It’s been said, “Absolute power corrupts absolutely.” This statement was first penned by nineteenth century British historian Lord John Emerich Edward Dalberg Acton in a letter to Bishop Mandell Creighton. The fuller written statement was this: “Power tends to corrupt, and absolute power corrupts absolutely. Great men are almost always bad men, even when they exercise influence instead of authority; still more when you superadd the tendency of the certainty of corruption by authority.”
The suggestion that “absolute power corrupts absolutely” was not a new idea or concept when Lord Acton first penned it, but he was the first person to make it famous.
Political power and authority (in particular) have often been in question throughout the history of western civilization. One of the guiding convictions for constructing the three branch government of the United States was in fact that too much political power in the hands of one political body, entity, or person often tends toward being oppressive toward its citizens. This has been the assumption for most western democracies as well over the last few hundred years.
Absolute power will corrupt absolutely.
But is having any power or authority, political or otherwise, a bad or evil thing to have in and of themselves? Perhaps something even to be avoided?
Your answer to those two questions say a lot about how you approach and view leadership in our world—on the political scene, in the work workplace, at home, and in our faith (church) communities.
Questions of power and authority touch every facet of society and church. Whatever we believe about leadership in our world will also reveal how we think leaders should or shouldn’t behave in our world.
Including, how they should or shouldn’t express their influence over others…
Their power over others…
Their authority over others…
Resolving whether or not “power tends to corrupt” is not entirely what I’m interested in this blog post, though an important thing to consider and discuss with others. What I am interested in is how power and authority are used today. I am also interested in how Jesus demonstrated his leadership and spoke into (and to) the leadership of his day.
Because the way people lead in our world affects others.
It affects you and it affects me.
Not only this, but regardless of how others lead, you and I (whether or not we are always consciously aware of it) also lead in some way or another. You may not have a position with political influence (but perhaps you do). You may not have a position with religious/spiritual influence in the lives of others (but perhaps you do).
If leadership is understood as a position of influence in the lives of others, then this topic is relevant to us all at various points.
Some might be asking, “What in the world does this have to do with Jesus?”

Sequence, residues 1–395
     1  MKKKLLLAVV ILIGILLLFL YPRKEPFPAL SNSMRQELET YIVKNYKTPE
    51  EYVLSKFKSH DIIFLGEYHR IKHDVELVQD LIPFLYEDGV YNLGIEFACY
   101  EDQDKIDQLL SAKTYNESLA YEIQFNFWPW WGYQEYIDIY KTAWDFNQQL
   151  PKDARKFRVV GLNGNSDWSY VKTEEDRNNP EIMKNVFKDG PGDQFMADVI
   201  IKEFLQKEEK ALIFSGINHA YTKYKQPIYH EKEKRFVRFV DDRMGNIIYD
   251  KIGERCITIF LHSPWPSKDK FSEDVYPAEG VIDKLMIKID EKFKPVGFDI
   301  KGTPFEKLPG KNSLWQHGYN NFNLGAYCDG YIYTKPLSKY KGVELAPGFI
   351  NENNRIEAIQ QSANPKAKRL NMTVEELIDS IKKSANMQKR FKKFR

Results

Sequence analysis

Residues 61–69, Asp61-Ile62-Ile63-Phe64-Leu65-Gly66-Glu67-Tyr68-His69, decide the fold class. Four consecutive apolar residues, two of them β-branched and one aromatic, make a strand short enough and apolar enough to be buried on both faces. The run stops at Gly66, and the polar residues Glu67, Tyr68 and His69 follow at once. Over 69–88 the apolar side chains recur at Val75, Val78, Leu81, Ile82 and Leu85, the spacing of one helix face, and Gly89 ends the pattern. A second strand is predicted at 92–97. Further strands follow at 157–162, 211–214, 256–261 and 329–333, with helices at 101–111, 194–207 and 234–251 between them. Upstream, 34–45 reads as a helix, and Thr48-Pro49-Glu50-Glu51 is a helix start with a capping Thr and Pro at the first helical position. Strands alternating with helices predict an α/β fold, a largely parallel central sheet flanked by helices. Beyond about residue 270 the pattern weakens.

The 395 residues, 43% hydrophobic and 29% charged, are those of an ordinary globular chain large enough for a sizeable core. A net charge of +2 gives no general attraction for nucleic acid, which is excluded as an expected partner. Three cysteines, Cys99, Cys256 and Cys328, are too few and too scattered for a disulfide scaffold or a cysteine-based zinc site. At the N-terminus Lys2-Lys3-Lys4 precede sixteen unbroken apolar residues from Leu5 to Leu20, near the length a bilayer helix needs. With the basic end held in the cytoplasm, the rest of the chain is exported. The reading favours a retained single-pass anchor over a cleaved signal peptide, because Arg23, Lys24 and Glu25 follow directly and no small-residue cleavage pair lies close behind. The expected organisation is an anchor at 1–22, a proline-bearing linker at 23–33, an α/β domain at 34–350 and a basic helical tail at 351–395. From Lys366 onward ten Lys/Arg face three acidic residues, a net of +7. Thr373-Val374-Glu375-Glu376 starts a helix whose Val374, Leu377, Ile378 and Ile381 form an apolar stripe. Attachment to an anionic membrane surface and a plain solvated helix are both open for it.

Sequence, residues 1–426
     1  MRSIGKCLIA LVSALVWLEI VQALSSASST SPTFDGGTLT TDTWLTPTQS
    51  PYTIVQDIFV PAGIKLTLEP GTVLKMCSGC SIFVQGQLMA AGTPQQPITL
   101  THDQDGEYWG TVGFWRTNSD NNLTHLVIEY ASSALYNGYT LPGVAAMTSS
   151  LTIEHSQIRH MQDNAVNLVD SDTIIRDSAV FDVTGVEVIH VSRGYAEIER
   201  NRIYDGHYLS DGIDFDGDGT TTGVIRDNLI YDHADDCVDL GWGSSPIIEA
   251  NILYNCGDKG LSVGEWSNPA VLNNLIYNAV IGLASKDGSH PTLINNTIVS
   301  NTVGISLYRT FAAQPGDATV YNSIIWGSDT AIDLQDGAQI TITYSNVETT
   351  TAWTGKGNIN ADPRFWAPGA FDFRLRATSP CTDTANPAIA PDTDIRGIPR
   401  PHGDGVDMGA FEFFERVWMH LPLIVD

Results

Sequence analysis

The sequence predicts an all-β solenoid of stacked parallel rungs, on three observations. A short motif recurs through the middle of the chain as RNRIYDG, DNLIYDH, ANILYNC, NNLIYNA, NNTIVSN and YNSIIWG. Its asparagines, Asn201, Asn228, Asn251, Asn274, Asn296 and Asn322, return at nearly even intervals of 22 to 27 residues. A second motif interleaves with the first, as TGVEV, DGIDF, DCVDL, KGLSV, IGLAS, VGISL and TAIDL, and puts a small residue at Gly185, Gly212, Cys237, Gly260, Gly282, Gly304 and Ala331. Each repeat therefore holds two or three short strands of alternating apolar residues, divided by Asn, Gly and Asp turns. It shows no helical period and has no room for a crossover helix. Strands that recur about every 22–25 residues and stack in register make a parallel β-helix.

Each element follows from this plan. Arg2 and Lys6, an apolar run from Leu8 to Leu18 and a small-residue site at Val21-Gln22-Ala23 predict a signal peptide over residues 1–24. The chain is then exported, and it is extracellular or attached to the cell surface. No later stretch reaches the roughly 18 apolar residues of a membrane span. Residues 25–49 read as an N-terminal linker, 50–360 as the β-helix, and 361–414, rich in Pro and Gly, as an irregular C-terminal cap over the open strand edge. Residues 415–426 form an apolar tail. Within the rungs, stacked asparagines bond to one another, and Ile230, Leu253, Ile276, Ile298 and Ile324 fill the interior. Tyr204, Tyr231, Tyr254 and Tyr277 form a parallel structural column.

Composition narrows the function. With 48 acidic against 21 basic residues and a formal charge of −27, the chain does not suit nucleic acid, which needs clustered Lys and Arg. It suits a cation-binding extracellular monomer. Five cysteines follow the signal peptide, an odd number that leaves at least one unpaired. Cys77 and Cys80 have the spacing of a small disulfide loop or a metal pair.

Simply put…a lot.
Contrary to contemporary popular church opinion, Jesus was a leader within a particular political, cultural, and religious context. His leadership cannot be understood apart from the context he lived and breathed in on a daily basis. In addition to this, both his lifestyle and his teaching spoke into (even confronted) those in power who held positions in both the religious and political spheres.
Let’s first look at how Jesus led as a leader and then touch on how he dealt with and spoke to people in power. You may notice as we go through them that these two seemingly separate categories are closely linked together.
Jesus the leader
1. First of all, Jesus was a servant leader. The way Jesus led was demonstrated by the way he served others.
Jesus both viewed himself as a servant leader and he lived this way. For example, Jesus said of himself “The son of man did not come to be waited on. He came to be the servant, to give his life ‘as a ransom for many.’” (Mark 10:45). One of the best examples of how he lived what he taught was the occasion he knelt down on the ground to wash his disciple’s feet. This is somewhat hard for most westerners to appreciate because many of us don’t know people who have jobs that include washing other people’s feet. Not in Jesus’ day. The servants, who were usually house slaves, would wash the feet of their masters and their master’s guests’ feet when they got home from a long journey or day’s work (historical point: the disciples and Jesus walked a lot from town to town on ancient dusty roads; paved roads did not exist). It’s clear that this was not Jesus’ job in his day (meaning he was not technically the house servant) because of the reaction he got from at least one of his disciples (John 13:1-17), but he did it anyway. There was no job too lowly for Jesus to do.
The second example I want to mention brings us back to the Mark passage already quoted. Read it again, “The son of man…came…to give his life as a ransom for many.” The ultimate or climactic way Jesus served was by his willingness and choice to serve his own people and the wider world by his death on a Roman cross.
2. Jesus taught others who wanted to follow him and his way to lead as servants too.
For example, he said “You know how it is in the pagan nations. Think how their so-called rulers act. They lord it over their subjects. The high and mighty ones boss the rest around. But that’s not how it’s going to be with you. Anyone who wants to be great among you must become your servant. Anyone who wants to be first must be everyone’s slave.” (Mark 10: 42-44). For Jesus, to follow his way of life meant not leading like everyone else, including the way both known political authorities and religious authorities led others. This is an important point because it is often neglected and missed by today’s political leaders (who BTW often claim to be Christians, at least in the US) and today’s Christian preachers.
According to Jesus, the way you lead should be demonstrated by the way you serve others.
Jesus the leader… confronts people in power